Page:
The Canadian Aviation Moments were submitted by Dennis Casper from the Roland Groome (Regina) Chapter of the CAHS. Spoiler alert - if you read any further than each question, you will find the answer to the questions directly below. Good luck and have fun!

The Canadian Aviation Moments questions and answers for October are:

Question: What was the purpose of the Crimson Route and why was it named that?

Answer: “With the Lend-Lease Act passed by the American Congress and signed by President Franklin Roosevelt early in 1941, the United States assumed an active part in the joint effort with Canada to take advantage of the “stepping stones” provided by the Canadian Prairies, Newfoundland, Labrador, Greenland and Iceland thus making possible the ferrying of short-range aircraft from North America to Great Britain via chain of airfields following a northern route. This joint project became known as the “Crimson Route “ project. This chain of proposed airfields initially was called the North-East Staging Route, but became known as the Crimson Route – purportedly named after crimson symbol of the Red Cross, which was responsible for evacuating wounded soldiers from the European theatre to North American along the same route.”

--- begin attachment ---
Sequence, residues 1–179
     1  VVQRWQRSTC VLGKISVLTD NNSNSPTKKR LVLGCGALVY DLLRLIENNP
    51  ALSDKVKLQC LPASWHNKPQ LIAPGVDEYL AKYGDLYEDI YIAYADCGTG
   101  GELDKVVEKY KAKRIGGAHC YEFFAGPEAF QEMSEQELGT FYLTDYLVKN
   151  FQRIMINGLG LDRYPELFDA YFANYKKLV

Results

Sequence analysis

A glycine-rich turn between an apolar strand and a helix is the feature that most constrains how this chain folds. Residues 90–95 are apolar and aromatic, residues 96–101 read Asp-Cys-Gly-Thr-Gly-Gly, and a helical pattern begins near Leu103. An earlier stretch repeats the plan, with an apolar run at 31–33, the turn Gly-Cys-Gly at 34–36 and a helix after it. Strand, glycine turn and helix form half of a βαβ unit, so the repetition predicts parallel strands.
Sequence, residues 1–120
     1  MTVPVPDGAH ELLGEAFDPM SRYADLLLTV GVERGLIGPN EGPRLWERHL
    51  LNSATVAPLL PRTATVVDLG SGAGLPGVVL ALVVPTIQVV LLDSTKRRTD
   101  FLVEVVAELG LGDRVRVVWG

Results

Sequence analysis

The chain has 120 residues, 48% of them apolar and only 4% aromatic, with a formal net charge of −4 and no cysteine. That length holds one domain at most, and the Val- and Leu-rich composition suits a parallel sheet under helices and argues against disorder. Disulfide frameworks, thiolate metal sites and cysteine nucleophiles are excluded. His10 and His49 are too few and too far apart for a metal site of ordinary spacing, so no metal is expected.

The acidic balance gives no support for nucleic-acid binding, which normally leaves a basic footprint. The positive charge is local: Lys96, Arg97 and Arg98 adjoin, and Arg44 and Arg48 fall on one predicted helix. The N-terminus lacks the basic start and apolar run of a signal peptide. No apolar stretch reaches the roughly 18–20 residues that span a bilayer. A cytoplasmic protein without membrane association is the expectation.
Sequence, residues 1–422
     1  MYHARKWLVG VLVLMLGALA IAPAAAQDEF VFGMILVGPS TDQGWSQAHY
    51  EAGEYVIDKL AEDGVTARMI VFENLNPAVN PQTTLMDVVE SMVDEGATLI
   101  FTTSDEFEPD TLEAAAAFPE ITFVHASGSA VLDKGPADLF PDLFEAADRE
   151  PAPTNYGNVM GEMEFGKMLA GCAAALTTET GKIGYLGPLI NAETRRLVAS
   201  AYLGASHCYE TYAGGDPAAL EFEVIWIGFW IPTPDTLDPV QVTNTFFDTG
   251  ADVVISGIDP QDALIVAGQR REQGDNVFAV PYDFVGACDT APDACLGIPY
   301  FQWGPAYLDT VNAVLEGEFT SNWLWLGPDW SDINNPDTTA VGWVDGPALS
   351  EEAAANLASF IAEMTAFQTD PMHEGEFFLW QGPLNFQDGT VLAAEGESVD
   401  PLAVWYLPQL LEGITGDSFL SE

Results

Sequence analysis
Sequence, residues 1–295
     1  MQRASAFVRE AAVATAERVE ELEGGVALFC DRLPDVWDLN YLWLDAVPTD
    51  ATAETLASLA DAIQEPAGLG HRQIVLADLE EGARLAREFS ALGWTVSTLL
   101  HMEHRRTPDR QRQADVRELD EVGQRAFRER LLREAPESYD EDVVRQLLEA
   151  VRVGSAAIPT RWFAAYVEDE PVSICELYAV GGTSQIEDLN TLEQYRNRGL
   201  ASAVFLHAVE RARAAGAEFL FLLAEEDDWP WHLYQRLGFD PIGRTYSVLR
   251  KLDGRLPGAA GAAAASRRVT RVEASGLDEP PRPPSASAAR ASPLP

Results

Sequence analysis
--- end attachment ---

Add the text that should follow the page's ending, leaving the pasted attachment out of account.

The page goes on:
Source: Windsock – November 2010 – Page 1

Question: What was SAGE and what was its function in NORAD?

Answer: “SAGE has been described as the most ambitious computer project ever undertaken.” “More than 800 programmers and the technical resources of many of America’s largest corporations were involved in its development and construction. The result was the AN/FSQ7 computer built by IBM – as it turned out, the largest computer ever built. North Bay’s SAGE system comprised two 270 ton AN/FSQ-7 computers, nicknamed “Bonnie and Clyde.” One was a backup in the event the other went off-line. Both were located in an underground facility which officially opened in Oct 1963. SAGE facilities processed raw air surveillance data and then forwarded it to Air Defence Command Units.”

Source: Air Force Revue – Spring 2008 – Page 34

Question: What aircraft has the longest service record of the RCAF/Canadian Forces and how long did it serve? How did this particular aircraft begin its life?

Answer: “… a true and loyal friend of Canada’s air force for the next 49 years, breaking the long-service record of the magnificent DC-3 “Gooney Bird” transport.” “The T-Bird ended its career with the RCAF and the Canadian Forces in Apr 2002. It began life as the P-80 Shooting Star (the United States’ first operational jet fighter), then was stretched, fitted with an additional seat and a huge canopy, renamed the T-33 (Silver Star in Canada) and built under license by Canadair.”

Source: Air Force Revue – Spring 2008 – Page 9